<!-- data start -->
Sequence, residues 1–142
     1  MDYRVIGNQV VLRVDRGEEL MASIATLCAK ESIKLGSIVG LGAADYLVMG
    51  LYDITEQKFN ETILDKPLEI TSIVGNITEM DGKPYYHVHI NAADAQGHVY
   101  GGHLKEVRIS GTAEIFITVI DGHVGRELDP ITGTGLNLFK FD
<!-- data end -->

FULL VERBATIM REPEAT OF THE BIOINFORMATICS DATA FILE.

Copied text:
Sequence, residues 1–142
     1  MDYRVIGNQV VLRVDRGEEL MASIATLCAK ESIKLGSIVG LGAADYLVMG
    51  LYDITEQKFN ETILDKPLEI TSIVGNITEM DGKPYYHVHI NAADAQGHVY
   101  GGHLKEVRIS GTAEIFITVI DGHVGRELDP ITGTGLNLFK FD